ABOUT JOSEPH H. PILATES:
Joseph H. Pilates was born in Mönchengladbach, Germany in 1883. Little is known about his youth, but he appeared to have been a frail child, suffering from asthma, rickets and rheumatic fever. He dedicated his entire life to overcome these childhood ailments which led him to become a competent gymnast, diver and skier.
In 1912, Pilates lived in England working as a circus performer, boxer and self-defense instructor. During the First World War, he was interned with other German citizens. It was in the camp that he developed his technique of physical fitness further by teaching his fellow internees. Pilates began to refine his system of mat exercises that would become known as “Contrology”.
In the latter part of the War, he served as an orderly in a hospital on the Isle of Man where he worked with patients unable to walk. He attached bed springs to the hospital beds to help support the patient's limbs leading to the development of his famous piece of equipment known as the “Cadillac”. Much of his equipment, although slightly adapted, is still in use today in many Pilates Studios.
After World War I, Pilates returned to Germany and collaborated with experts in dance and physical fitness. While in Hamburg, he trained police officers. When he was pressured to train members of the German army, disillusioned with the political climate, he left his native county, and emigrated to the United States.
In the early 1920s, together with his wife Clara, Joseph, developed and taught his method in their body-conditioning gym in New York City. His method, which they called “Contrology”, focused attention on the core postural muscles that assist in keeping the body balanced and provide support for the spine. Pilates method taught awareness of breath and of alignment of the spine. The exercises strengthened the deep torso and abdominal muscles.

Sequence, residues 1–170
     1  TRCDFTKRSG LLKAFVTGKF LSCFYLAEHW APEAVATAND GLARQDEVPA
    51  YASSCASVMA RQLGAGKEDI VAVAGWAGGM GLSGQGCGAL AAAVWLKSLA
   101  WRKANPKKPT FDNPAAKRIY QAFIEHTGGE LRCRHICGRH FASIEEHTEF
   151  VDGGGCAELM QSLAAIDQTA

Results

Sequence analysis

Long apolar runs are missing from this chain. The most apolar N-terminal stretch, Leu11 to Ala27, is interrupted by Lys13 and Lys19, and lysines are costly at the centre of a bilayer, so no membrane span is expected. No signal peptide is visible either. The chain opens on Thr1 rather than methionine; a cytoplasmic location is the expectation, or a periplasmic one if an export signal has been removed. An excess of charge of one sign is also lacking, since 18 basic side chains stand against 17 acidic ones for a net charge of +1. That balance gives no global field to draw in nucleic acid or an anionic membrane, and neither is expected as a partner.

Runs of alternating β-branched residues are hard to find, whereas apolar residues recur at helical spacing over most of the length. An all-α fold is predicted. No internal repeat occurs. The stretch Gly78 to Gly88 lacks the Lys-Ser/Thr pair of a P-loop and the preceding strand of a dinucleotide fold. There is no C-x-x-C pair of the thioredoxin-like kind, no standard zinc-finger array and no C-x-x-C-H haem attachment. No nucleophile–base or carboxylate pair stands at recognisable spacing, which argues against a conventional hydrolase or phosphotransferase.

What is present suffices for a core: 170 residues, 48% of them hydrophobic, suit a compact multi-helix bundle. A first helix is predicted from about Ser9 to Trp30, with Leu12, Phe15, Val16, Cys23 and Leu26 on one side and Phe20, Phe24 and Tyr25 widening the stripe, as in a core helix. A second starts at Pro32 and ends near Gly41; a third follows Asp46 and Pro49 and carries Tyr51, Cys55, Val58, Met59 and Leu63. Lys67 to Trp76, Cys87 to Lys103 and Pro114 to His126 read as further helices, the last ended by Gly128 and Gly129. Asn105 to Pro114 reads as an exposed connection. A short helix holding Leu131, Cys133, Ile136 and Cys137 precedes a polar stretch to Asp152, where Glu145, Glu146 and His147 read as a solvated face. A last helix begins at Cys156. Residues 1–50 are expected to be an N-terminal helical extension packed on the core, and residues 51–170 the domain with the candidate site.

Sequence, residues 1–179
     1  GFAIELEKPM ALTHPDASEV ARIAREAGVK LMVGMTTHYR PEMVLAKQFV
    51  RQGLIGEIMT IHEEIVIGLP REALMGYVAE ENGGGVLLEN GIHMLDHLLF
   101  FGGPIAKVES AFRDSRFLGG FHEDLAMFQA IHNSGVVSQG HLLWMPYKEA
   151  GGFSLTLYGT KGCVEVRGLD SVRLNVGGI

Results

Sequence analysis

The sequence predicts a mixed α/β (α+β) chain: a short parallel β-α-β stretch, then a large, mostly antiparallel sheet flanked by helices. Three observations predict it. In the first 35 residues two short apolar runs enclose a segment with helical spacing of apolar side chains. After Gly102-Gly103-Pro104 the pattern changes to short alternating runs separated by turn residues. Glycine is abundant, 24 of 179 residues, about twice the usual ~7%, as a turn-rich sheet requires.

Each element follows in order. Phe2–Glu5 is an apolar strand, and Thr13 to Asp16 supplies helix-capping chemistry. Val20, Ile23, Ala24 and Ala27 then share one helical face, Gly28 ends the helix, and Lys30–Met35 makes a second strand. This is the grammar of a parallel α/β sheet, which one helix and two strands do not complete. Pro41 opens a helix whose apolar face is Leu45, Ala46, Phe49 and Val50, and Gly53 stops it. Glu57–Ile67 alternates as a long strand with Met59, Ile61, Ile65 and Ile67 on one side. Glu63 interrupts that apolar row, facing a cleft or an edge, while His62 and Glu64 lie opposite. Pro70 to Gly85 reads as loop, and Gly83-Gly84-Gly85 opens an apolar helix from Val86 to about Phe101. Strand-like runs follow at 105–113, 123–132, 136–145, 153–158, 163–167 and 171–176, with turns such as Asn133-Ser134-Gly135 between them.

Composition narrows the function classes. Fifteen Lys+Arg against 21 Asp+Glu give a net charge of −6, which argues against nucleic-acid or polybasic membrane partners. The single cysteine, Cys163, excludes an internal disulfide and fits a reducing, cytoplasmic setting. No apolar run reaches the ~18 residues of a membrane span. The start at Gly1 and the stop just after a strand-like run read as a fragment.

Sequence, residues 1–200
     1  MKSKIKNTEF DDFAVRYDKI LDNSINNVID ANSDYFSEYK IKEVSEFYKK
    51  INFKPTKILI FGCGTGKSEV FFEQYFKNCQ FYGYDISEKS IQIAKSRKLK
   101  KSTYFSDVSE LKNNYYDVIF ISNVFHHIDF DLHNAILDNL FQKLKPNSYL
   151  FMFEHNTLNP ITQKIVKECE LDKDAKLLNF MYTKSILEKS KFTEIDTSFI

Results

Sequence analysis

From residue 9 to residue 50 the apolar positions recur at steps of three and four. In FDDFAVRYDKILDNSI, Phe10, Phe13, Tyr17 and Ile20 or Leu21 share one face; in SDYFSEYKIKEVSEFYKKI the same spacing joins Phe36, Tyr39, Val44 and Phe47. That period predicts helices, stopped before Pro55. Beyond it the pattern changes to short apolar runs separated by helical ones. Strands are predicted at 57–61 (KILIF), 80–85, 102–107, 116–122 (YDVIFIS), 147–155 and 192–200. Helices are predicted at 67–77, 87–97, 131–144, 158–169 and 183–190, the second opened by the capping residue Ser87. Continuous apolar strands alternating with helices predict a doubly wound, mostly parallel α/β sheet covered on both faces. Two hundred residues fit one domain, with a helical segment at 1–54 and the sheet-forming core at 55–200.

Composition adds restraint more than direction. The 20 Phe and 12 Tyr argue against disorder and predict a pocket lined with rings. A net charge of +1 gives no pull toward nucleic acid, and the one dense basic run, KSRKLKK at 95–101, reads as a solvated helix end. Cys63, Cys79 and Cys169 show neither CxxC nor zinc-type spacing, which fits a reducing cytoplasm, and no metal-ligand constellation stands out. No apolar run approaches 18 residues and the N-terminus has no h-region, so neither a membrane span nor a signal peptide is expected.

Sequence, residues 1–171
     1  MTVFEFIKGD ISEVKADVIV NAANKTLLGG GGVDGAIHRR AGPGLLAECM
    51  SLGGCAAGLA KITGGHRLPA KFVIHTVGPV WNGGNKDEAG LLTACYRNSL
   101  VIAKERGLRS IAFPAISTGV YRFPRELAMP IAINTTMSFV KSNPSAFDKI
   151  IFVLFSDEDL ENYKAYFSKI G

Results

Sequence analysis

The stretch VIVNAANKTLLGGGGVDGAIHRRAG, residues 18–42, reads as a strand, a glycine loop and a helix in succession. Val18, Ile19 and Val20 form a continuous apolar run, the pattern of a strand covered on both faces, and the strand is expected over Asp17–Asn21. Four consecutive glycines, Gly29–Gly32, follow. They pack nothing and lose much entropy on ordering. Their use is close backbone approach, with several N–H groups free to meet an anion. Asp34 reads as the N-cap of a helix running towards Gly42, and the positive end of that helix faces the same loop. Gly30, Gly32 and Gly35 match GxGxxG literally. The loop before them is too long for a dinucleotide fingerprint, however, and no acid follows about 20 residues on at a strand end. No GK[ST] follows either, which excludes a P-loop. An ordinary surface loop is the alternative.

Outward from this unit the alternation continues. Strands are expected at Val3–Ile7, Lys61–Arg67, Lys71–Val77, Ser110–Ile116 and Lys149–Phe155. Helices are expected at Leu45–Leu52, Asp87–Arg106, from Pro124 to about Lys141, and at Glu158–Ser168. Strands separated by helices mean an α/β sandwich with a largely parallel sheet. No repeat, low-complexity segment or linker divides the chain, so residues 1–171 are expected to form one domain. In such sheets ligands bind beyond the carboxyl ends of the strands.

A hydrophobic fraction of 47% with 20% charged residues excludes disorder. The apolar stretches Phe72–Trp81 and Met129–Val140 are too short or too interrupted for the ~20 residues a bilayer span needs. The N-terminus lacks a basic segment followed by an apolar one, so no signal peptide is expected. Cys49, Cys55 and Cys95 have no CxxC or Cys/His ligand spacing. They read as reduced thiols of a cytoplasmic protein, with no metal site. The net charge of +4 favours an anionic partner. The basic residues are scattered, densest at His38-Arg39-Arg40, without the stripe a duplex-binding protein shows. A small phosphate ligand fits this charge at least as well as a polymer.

Joseph and Clara Pilates quickly established a devoted following, particularly within the dance community, as it offered a chance to improve technique or recover from injury. Word spread and many celebrities of the day visited their studio. Dance legends, George Balanchine and Martha Graham became devotees and regularly sent their students to Pilates for training and rehabilitation. Originally 60% of their clientele were men.
In 1934, Pilates published a booklet called "Your Health: A Corrective System of Exercising That Revolutionizes the Entire Field of Physical Education" and followed this with another called “Return to Life through Contrology" in 1945. Through these writings and his students, his method was passed on after his death in 1967 at the age of 83. During his lifetime this method of exercise was called Contrology. It was only after his death that it became known as the Pilates Method.
The popularity of the Pilates Method has steadily spread since the day when Pilates first opened his studio, with millions of people practicing worldwide due to it's effectiveness and adaptability.